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An original, very scarce War of 1812 US Marine Corps cap plate. Prescribed in 1804, the plate was described in the 1807 regulations as an octagon plate, and was worn through the War of 1812 until about 1816 or 1818. 1959 excavations at Fort Tomkins in New York revealed parts of two of these plates making clear that the form was a rectangular plate with clipped corners, explaining the reference to it as octagon. Since then, other examples have been recovered from War of 1812 sites. Campbell and ODonnell posit that extant examples were worn on the 1810 Marine felt yeomanry style caps and might differ slightly from the first ones made in 1804. Examples may be seen in Chartrand, Uniforms and Equipment of the United States Forces in the War of 1812 and in Campbell and ODonnell, where an example from the Troiani collection, excavated in Florida, is pictured.

Needless to say there are reproductions of this plate out there, including some that have been aged and beaten up to imitate an excavated example. None, however, show the die work of an original and I include several close up shots of this plate to make the point. The detail on the feathers, the spearheads, etc., is far above any of the copies. The die work was probably done by Moritz Furst, who worked for Armitage, who was the sold supplier of Marine Corps plates during the period.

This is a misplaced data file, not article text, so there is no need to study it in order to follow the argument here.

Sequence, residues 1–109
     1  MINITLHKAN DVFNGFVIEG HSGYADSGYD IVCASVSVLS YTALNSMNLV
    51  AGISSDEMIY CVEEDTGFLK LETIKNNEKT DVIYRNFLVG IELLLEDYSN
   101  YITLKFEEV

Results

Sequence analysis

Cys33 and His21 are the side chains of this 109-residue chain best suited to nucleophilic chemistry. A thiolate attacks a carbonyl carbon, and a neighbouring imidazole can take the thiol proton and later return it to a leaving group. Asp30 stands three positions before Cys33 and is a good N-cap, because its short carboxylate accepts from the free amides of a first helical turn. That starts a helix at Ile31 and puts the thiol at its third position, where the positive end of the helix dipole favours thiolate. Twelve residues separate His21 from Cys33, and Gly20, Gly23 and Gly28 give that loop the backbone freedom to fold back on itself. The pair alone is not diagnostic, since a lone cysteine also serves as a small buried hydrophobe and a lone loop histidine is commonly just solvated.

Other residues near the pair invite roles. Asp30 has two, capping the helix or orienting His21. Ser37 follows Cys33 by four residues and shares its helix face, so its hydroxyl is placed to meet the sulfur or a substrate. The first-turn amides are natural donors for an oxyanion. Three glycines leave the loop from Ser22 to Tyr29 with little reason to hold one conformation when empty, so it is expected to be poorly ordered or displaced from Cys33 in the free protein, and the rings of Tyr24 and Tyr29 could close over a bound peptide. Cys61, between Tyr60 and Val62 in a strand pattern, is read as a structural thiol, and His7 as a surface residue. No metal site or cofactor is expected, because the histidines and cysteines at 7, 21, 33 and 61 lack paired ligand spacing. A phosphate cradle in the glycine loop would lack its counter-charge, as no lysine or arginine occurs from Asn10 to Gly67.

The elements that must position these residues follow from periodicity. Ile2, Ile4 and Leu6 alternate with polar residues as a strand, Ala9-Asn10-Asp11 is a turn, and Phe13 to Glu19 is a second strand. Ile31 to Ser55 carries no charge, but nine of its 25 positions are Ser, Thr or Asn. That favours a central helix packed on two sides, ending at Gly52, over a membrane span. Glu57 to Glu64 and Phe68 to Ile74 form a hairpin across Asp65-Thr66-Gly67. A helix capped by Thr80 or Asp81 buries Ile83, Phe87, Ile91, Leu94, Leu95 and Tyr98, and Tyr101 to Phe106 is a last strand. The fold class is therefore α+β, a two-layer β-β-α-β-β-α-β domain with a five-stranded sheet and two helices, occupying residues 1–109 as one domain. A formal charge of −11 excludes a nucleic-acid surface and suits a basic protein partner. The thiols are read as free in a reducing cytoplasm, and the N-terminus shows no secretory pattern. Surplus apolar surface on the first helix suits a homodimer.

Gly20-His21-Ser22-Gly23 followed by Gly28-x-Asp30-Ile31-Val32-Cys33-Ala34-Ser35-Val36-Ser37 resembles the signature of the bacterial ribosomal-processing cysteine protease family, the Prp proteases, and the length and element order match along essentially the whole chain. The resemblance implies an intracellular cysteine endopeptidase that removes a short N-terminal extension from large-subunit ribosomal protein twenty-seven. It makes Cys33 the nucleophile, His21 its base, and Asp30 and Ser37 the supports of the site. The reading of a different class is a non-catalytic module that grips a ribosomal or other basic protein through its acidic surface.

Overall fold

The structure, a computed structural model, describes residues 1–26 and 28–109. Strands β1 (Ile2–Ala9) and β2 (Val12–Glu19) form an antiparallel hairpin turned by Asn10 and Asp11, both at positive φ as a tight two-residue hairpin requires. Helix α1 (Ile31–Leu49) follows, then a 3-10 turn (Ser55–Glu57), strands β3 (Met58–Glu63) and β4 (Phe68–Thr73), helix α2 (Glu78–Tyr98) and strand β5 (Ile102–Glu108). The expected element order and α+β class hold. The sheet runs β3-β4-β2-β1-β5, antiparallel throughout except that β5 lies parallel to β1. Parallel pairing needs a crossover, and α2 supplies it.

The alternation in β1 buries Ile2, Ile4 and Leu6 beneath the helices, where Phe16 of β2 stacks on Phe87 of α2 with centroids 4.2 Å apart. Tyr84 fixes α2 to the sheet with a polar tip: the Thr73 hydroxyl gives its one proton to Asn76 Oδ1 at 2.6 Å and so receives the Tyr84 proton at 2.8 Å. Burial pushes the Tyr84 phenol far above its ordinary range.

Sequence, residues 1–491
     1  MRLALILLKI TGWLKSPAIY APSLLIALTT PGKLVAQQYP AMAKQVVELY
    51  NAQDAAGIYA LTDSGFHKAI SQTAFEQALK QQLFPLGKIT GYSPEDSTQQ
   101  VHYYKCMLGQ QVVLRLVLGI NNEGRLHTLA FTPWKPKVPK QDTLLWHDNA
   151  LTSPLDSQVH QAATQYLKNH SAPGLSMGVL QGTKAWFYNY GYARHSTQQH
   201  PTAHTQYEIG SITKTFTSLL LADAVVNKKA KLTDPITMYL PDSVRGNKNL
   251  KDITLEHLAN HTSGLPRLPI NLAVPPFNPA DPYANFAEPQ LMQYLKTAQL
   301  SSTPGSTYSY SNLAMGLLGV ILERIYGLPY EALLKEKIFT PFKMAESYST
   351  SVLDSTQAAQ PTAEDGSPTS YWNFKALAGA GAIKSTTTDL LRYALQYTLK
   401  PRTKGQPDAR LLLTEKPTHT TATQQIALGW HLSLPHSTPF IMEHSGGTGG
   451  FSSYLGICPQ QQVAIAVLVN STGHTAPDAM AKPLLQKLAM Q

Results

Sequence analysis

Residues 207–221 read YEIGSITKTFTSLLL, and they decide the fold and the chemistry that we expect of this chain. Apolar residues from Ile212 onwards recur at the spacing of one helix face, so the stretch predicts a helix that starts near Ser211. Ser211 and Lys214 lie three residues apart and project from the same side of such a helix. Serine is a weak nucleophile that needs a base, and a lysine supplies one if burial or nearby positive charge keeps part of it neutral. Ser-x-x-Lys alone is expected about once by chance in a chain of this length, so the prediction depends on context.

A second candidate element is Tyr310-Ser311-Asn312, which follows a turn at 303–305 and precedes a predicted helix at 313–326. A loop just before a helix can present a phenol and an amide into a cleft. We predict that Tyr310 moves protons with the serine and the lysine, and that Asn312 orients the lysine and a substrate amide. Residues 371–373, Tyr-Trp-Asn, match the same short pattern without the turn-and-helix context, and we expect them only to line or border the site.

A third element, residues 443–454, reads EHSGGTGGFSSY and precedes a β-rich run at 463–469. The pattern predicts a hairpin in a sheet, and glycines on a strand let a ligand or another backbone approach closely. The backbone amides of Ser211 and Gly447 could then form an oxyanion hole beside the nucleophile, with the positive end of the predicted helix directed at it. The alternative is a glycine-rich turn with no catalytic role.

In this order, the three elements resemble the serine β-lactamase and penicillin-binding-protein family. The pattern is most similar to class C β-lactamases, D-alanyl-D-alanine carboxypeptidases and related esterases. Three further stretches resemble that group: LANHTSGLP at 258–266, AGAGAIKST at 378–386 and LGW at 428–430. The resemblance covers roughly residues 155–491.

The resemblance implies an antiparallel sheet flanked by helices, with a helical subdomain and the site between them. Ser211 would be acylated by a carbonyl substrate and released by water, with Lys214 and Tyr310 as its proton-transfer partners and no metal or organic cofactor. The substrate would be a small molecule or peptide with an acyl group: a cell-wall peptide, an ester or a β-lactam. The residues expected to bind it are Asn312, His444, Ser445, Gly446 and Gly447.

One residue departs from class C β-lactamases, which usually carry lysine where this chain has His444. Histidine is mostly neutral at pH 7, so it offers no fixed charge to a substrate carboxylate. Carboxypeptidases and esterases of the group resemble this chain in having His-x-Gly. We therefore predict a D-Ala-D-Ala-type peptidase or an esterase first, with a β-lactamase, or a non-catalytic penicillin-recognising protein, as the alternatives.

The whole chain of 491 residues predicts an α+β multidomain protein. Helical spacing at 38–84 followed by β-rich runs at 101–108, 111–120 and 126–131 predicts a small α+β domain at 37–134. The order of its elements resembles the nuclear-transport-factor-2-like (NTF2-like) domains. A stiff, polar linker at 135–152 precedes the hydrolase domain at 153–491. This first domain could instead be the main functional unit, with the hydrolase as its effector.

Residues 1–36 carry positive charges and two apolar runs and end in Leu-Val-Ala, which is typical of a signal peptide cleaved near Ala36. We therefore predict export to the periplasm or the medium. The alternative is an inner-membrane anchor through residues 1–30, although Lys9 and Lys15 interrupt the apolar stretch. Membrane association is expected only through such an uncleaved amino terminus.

This plate has a tannish-brown patina with some gray areas here and there. There are some wrinkles, minor cracks and small holes, particularly on the eagles left wing and a small hole that has taken out the o in Fortitudine in the ribbon clutched in the eagles beak. Please look at my photos carefully. The plate is stable and not fragile.

The plate was obviously excavated, but no location is available. It was intentionally cut across the top and bottom during its period of use, along the edges of the panel holding the eagle, keeping a width of 3 7/16 inches, but reducing the height to 3 inches. This was certainly done to fit a shorter cap. The two upper stitching holes inside the panel borders were left alone. Two new holes were then punched above the lower border, the original holes being below that border so as not to interfere with the central motif. This could have been done in the field to fit a Marine fatigue cap of some sort, but does away with the Marines designation below the central panel and may indicate the alteration was done by a later militia group, resulting in a plate that still bears a very patriotic and martial American eagle upon a stand of arms with the motto Fortudine in the ribbon still visible.

US only please. Shipping and insurance $25. NY addresses must add sales tax or supply a resale certificate.